Take Forbidden Drive to the Cave of the Monks of Wissahickon The story behind the street names dates back to June 1694, when a brotherhood of German mystics set up shop on the slopes of Wissahickon. Under the leadership of a 21 yr old, Johannes Kelpius, they practiced medicine, music, and good old-fashioned magic. Deep in the Wissahickon woods there's only 1 artifact left by the order: The stone-gabled cave where the master of the order practiced his solitary ways.
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Quinine was used as a treatment for malaria because of its fever reducing and pain relieving qualities. Four or more tablets were taken each day and could be taken two, three or four times daily in an attempt to prevent the onset of the disease. Burroughs, Wellcome & Co was one of the pharmaceutical companies to place research on a scientific footing. From 1895 onwards Henry Wellcome set up laboratories for chemical and physiological research.
3500 years of Cappadocian cave homes: These unique underground havens once were used by early Christians to hide from Roman armies, yet they remain occupied to this day - 100 square miles with 200+ underground villages and tunnel towns complete with hidden passages, secret rooms and ancient temples, with each new civilization building on the work of the last.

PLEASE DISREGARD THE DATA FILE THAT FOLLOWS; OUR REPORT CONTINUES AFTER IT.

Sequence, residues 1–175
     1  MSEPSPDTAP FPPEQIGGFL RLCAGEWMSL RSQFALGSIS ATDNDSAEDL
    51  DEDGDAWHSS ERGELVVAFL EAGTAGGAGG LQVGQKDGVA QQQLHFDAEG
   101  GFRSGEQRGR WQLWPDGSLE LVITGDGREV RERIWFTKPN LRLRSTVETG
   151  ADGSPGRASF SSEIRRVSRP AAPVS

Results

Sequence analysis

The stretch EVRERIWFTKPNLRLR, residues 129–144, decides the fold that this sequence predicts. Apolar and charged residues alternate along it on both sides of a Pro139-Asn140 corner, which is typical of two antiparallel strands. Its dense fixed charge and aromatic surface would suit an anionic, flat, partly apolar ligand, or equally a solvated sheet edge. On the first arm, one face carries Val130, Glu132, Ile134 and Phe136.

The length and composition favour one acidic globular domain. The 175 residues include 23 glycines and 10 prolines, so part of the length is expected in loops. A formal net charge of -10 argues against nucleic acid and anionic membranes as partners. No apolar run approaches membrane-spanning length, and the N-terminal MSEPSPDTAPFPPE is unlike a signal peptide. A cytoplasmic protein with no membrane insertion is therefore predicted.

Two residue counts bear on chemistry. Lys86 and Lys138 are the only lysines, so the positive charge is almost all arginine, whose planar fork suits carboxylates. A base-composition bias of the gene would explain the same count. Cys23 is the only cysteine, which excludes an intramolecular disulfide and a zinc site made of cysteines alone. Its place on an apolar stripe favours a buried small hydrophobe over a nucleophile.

This could be the first-ever portrait of Jesus Christ, possibly even created in the lifetime of those who knew him. The extraordinary picture is one of the recently discovered hoard of up to 70 lead codices found in a cave in the hills overlooking the Sea of Galilee.
Babies strapped in seats in 747 Jumbo jet enroute Clark AB to LAX. Photo: Robert Stinnett / Oakland Tribune, April 12, 1975. This was part of the orphan airlift, called “Operation Babylift” from Vietnam to the US that took place in 1975, primarily by World Airways. Via The Oakland Tribune Collection, the Oakland Museum of California